After Spending €587 Million On CCS, The EU Has Zero Plants

  • Date: 06/10/17
  • Peter Teffer, EUObserver

Since 2007, the European Union has spent at least €587 million in grants, subsidies, and public procurement on Carbon Capture and Sequestration. But, as of 2017, the EU has zero CCS demonstration plants.

Ten years ago, EU leaders said there were “huge possible global benefits of a sustainable use of fossil fuels”.

They said, after a summit in Brussels in March 2007, that a technology called ‘carbon capture and sequestration’, also known as carbon capture and storage (CCS), should be deployed with new fossil-fuel power plants by 2020.

This technology would reduce the negative impact the extensive use of energy sources coal, oil, and gas have on the earth’s climate.

Brussels also said the EU should have twelve “demonstration plants of sustainable fossil fuel technologies in commercial power generation” operating by 2015.

EUobserver has found that a decade later, the European Union has spent at least €587 million in grants, subsidies, and public procurement on CCS.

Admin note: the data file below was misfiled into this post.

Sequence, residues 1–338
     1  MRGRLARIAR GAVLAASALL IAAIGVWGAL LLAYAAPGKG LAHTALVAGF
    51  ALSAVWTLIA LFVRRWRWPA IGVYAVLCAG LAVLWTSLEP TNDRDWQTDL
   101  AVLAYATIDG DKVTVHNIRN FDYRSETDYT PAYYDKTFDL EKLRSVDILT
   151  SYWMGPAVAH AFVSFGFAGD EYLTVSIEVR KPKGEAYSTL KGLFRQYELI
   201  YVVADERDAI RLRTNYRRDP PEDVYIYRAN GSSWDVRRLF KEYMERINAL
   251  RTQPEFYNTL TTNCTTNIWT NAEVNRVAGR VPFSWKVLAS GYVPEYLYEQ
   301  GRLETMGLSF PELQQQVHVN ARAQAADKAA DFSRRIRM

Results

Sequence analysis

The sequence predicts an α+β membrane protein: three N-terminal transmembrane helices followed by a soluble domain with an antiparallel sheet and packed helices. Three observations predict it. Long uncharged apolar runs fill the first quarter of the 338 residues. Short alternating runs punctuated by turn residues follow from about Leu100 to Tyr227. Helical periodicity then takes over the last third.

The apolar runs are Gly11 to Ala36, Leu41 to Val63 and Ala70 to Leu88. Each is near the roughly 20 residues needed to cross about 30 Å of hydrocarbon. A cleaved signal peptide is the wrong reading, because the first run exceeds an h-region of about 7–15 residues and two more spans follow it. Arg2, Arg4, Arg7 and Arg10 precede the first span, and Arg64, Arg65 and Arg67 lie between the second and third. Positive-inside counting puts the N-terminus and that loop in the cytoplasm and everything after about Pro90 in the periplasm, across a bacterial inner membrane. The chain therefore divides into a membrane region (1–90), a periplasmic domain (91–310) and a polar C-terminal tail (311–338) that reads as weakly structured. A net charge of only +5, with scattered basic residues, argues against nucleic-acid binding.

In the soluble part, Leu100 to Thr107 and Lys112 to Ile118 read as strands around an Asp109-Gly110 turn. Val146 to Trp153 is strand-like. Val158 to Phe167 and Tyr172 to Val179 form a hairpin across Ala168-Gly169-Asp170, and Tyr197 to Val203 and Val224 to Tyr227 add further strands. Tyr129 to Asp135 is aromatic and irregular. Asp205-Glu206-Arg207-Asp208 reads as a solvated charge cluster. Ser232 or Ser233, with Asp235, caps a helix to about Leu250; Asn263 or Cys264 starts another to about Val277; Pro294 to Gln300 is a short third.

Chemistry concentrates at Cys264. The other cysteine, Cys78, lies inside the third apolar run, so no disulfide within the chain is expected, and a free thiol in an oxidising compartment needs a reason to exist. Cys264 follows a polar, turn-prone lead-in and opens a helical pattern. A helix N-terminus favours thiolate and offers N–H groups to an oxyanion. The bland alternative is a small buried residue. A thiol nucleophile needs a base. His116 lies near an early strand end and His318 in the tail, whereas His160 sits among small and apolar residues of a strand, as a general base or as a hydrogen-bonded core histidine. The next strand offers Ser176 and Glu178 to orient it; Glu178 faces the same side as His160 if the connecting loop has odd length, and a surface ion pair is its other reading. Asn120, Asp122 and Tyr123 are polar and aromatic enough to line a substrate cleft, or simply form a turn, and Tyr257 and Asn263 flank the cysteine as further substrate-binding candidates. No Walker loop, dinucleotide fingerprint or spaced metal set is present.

This website has been able to identify 63 projects that received an EU subsidy or grant in the past decade, and another five public procurement projects, related to CCS.

But, as of 2017, the EU has zero CCS demonstration plants.

What happened?

The biggest chunk went to recipients of the European Energy Programme for Recovery, set up in 2009, during the financial and economic crisis.

Under the plan, €1 billion would be made available to fund CCS projects. Six projects across Europe were selected.

However, these soon ran into problems.

Within five years, three of the projects – in Germany, Poland, and Italy – had been terminated, while the others, in Spain, the UK, and the Netherlands, had been considerably delayed.

According to a European Commission document from 2013, the German and Italian projects were cancelled because they were unable to acquire the required environmental permits.

The project in Germany also experienced fierce public opposition to the idea of storing carbon underground.

Poland had similar challenges. “Very limited progress was achieved in 2012 due to critical financing, legal, technical risks and public acceptance issues as regards CO2 storage,” the commission said about the Polish CCS project.

Full story

see also GWPF Report: The Bottomless Pit – The Economics of Carbon Capture and Storage



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